A registered dietitian can help you set a daily carbohydrate goal that is divided between meal times and snacks. Your diabetes meal plan should be individualized to meet your particular needs. A starting place for most women is between 45-60 grams of carbohydrates (3-4 carb choices) at each meal. If desired, or part of a recommended meal plan, an additional 15 grams of carbohydrate (1 carb choice) can be included for snacks. In general, most men need 60-75 grams of carb (4 to 5 carb choices) each meal. Again, if snacks are part of the meal plan they should be limited to 15-30 grams carb (1-2 carb choices) per snack. Be sure to check with your health care team, however.

A carbohydrate choice is the amount of food that equals 15 grams of carbohydrate. So 45-60 grams of carb per meals is equal to 3 to 4 carbohydrate choices per meal. Remember, 1 carb choice = 15 grams of carb, so 3 carb choices (3 x 15) = 45 grams of carb, 4 carb choices (4 x 15) = 60 grams of carb and so on.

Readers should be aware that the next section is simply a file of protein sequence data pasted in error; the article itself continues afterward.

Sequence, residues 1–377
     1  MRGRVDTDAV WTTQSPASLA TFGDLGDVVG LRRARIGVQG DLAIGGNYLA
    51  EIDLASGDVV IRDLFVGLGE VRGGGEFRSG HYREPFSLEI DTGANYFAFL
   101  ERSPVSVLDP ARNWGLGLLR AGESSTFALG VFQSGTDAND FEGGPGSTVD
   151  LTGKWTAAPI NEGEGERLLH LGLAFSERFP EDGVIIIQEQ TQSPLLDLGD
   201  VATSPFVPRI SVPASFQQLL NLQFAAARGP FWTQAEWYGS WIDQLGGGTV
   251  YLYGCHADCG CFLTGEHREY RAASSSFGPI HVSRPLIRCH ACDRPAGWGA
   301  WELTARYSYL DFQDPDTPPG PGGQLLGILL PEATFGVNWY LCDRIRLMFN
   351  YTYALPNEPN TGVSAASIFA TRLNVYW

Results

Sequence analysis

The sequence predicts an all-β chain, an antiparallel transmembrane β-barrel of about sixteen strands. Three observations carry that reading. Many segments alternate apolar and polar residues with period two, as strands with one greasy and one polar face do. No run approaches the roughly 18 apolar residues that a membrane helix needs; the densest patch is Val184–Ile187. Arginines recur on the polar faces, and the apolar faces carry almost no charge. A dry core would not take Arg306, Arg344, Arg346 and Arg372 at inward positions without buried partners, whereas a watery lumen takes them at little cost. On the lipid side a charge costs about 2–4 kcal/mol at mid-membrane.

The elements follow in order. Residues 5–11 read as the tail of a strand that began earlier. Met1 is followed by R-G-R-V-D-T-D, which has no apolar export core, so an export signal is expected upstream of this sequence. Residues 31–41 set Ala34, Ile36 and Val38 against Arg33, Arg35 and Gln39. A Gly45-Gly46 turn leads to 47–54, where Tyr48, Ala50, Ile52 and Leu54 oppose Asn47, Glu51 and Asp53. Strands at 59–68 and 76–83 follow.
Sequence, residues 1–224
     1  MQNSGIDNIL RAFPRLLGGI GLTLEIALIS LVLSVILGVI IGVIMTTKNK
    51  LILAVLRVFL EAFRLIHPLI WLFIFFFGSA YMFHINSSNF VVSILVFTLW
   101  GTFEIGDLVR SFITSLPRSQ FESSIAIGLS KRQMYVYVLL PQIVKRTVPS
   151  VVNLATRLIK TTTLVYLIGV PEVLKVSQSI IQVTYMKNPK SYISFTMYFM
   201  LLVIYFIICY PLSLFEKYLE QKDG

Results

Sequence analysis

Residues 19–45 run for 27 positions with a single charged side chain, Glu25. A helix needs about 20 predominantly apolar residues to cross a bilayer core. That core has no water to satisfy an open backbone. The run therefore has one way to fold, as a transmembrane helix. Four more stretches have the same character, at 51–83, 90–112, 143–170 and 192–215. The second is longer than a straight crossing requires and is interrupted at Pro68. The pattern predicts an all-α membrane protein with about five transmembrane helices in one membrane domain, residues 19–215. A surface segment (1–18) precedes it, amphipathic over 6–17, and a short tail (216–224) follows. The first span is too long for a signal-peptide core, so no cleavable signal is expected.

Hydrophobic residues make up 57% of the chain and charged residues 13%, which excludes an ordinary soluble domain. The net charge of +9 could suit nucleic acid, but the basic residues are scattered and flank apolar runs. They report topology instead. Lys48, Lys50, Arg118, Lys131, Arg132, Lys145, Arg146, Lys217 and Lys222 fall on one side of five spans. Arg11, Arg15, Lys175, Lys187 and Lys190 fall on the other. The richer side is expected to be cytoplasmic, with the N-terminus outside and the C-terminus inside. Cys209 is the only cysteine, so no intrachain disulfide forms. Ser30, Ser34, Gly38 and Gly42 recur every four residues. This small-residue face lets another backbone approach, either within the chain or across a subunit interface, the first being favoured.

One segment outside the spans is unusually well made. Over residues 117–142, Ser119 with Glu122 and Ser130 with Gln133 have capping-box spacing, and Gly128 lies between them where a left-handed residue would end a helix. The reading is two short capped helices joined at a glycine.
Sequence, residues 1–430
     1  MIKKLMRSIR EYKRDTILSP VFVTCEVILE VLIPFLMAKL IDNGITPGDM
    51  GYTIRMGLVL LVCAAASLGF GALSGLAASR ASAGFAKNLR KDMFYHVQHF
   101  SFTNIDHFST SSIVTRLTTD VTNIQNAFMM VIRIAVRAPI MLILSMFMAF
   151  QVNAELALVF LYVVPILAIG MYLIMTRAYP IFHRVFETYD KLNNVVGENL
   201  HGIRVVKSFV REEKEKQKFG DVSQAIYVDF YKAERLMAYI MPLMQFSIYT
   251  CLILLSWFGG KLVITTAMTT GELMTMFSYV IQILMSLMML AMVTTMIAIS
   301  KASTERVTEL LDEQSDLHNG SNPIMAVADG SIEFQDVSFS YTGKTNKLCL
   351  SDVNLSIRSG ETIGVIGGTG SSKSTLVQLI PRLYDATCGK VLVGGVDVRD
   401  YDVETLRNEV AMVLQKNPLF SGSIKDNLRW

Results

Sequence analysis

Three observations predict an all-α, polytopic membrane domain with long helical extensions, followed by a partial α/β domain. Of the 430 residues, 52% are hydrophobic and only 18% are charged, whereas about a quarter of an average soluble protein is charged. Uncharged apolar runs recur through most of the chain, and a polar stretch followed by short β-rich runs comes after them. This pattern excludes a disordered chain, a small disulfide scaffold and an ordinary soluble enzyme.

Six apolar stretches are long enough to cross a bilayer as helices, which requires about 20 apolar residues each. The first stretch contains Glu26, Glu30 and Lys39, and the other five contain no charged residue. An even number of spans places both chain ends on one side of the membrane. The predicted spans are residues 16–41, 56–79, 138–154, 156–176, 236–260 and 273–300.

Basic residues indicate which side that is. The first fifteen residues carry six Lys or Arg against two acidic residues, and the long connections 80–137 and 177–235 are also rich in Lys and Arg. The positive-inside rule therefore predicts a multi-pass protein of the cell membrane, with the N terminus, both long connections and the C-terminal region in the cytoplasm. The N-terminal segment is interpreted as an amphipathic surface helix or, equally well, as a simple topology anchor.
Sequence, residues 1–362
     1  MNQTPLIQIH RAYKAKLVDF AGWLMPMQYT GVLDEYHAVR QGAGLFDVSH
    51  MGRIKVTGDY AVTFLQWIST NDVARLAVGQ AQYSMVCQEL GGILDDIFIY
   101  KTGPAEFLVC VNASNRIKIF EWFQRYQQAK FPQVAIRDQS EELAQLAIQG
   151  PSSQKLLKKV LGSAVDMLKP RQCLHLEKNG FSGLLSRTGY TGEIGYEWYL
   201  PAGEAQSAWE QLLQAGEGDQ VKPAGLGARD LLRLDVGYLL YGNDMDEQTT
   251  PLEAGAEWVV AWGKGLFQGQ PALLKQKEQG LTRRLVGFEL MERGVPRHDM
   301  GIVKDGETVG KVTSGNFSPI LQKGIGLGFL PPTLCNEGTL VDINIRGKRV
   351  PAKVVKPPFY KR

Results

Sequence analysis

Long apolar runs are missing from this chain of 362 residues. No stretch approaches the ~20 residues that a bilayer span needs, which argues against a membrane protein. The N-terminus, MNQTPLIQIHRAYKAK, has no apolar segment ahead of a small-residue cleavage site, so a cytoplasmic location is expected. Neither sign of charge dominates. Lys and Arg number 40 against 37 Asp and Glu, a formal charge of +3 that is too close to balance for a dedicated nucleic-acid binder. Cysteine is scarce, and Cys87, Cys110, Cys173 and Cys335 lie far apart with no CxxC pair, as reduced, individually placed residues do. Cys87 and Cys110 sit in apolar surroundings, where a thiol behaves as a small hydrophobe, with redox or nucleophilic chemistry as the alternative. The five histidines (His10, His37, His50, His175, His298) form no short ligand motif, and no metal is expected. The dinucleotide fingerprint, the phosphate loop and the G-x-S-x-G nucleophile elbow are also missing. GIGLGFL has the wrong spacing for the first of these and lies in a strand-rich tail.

Eating consistent amounts of carbohydrate for meals and snacks as part of a healthy diet, along with regular physical activity and taking medication as prescribed will help keep glucose within target ranges. Because diabetes is a progressive disease your carbohydrate and medication needs may change over time. Regular visits with your health care provider to make adjustments in your diabetes care plan will be necessary.

Diabetes and Food

Carbohydrates are found in a wide variety of foods. There are three main types of carbohydrates in the foods we eat. These are starches, sugar and fiber. All carbohydrates, except fiber break down into sugar during digestion.

Starches include breads, cereals, crackers, grains, starchy vegetables, beans, peas, and lentils. Sugars may be naturally occurring as found in fruit and milk or added during processing, as in desserts or heavy syrup being added to canned fruit. Fiber is the indigestible part of plant foods found in vegetables, fruits, and whole grains. Choosing higher fiber carbohydrate foods can be beneficial. Fiber increases the feeling of being full after eating. Because the fiber part of the carbohydrate was not digested and passes through your body there is less carbohydrate available to increase glucose levels.